Innocent Halloween costumes may cause offense

Nathege Casseus
staff writer

Spooky Season is among us, but for people of color (POC for short) and Black students the fear is real.

These students fear cultural appropriation, and/or a mockery of their ethnic identities by students outside of their ethnic group. Cultural appropriation is defined as ‘ is the adoption of elements of one culture by members of another culture.’

Cultural appropriation isn’t inherently negative, but controversy arises when the group or culture being appropriated isn’t acknowledged, is discredited or is mocked. Cultural appropriation is not a new topic and the incidents don’t only pertain Halloween, but the risk of appropriating a culture offensively is higher during Halloween. We can help avoid offending our peers this Halloween by being mindful of our costumes and asking ourselves these questions:

Does my costume reflect a culture and if so, what is its cultural significance? While it may seem harmless to dress up as a “gypsy”, it’s actually offensive. ‘Gypsy’ is a slur and the proper term is Roma. The Roma people were oppressed for centuries and that is still true today. Dressing up as Roma while being completely oblivious to the fact that they are real people with real world problems is insensitive.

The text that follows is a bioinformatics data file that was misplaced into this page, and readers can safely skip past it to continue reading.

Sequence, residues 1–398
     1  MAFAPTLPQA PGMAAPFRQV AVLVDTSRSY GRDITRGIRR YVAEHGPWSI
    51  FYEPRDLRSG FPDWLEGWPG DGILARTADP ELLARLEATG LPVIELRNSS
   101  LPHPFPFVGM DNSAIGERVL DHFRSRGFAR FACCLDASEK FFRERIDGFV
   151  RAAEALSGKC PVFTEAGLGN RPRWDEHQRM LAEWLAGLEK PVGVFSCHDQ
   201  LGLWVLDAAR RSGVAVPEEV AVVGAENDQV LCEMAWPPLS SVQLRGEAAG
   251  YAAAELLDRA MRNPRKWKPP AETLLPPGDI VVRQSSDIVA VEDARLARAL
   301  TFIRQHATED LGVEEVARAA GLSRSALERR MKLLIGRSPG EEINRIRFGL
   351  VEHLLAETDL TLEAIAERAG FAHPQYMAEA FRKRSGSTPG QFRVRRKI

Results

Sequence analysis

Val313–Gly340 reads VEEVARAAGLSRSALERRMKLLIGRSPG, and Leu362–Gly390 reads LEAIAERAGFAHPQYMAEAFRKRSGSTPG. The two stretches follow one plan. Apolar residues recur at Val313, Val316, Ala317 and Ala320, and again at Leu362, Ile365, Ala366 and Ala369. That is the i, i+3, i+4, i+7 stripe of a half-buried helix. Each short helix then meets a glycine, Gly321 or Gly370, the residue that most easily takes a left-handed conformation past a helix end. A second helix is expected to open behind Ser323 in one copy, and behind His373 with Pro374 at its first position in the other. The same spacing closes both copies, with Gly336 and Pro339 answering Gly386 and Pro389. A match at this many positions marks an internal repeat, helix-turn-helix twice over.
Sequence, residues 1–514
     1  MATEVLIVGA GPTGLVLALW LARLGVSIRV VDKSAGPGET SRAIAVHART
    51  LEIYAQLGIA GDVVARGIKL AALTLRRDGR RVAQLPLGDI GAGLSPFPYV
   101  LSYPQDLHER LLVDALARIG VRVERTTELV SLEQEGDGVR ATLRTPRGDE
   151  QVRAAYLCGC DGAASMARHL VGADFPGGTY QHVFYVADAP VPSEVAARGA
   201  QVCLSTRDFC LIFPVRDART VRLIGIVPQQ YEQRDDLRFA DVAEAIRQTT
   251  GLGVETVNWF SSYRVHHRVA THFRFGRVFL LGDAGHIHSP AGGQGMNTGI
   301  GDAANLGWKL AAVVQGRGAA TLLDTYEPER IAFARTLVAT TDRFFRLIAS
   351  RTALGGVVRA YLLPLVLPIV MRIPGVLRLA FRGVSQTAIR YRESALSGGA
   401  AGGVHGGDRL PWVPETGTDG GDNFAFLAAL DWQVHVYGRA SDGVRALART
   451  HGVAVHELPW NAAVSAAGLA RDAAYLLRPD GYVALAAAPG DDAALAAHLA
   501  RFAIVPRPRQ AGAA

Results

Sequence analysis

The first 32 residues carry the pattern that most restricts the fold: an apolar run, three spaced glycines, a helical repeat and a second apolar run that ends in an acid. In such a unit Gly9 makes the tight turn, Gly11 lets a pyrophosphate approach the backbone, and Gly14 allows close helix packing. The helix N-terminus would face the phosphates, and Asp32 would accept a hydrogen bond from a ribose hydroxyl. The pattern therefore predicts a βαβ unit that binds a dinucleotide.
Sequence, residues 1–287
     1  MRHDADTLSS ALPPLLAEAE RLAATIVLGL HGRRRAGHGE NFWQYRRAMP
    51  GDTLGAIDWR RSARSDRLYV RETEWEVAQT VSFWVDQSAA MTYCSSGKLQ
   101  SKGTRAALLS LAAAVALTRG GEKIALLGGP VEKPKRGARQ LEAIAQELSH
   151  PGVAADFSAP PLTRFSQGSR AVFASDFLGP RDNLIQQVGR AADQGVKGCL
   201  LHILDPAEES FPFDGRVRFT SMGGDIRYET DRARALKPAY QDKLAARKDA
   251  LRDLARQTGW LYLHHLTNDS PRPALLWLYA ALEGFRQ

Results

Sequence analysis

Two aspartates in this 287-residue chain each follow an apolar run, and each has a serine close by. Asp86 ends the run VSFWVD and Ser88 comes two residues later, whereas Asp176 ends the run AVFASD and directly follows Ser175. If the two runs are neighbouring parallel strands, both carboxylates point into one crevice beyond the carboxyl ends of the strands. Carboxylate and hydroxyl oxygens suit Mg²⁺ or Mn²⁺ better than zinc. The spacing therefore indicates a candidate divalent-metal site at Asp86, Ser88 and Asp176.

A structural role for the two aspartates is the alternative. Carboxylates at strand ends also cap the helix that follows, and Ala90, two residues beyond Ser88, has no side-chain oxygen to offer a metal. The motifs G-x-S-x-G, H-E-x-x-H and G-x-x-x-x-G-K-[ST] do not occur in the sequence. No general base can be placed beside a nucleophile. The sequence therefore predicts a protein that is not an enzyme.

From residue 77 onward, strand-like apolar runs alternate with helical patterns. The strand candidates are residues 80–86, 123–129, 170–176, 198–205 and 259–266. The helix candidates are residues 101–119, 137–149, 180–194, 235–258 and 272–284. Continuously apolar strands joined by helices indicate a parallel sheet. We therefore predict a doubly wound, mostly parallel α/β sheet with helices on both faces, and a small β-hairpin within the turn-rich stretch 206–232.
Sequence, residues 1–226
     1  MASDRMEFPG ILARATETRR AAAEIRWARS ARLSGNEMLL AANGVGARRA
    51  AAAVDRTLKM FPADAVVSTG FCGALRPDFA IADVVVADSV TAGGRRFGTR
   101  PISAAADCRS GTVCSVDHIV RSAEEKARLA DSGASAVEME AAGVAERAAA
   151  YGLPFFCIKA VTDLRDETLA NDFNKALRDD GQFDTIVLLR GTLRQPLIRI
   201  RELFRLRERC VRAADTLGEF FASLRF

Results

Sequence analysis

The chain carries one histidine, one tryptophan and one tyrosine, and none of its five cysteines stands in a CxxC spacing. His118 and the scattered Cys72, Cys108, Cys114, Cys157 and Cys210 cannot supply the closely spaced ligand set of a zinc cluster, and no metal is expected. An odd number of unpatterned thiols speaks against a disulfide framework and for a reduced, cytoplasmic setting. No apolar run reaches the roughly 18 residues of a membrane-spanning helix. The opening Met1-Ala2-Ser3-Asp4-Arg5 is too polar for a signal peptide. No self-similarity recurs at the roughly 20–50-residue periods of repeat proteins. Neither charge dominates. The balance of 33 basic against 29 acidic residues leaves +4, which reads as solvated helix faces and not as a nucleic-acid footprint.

Am I cosplaying a historical or public figure of another race? Can I effectively dress up as this figure without copying physical attributes?

If you need to change the colour of your skin or modify physical features (aside from dressing up as a fantasy character, ie an alien,Chewbacca), then choose a different costume. You may think you’re being creative but to your peers of colour, it looks like mockery. Ethnicity is not a costume.

Not a lot of high school students want to mock a culture, but maybe you don’t see why it matters. It’s Halloween, you’re just having fun and isn’t America a melting pot anyway? Why should you have to care so much about what you dress up as for one night in the year?

While it may just seem like a costume, these “costumes” are reflections of the lives that Black and POC live daily. These are not persona they can take off when the bell strikes 12 and they’d appreciate it if you didn’t treat their culture or physical attributes as props. Senior Nicole-Antoinette Urbina-Ruiz said, “If you have any questions about it [your costume] ask someone of the culture- ‘what do you think of this [costume]? How can I do it tastefully?”

There may be a hesitation, but many students are open to sharing and discussing their culture if done respectfully. Saira Faisal, a senior of Pakistani descent, said she would “ love it if I saw someone in a Sari.”

If you’re thinking of dressing up as something cultural this Halloween, ask someone from that culture if that’s OK or how you can do it respectfully, they can even make your costume better and you’ll learn something too.

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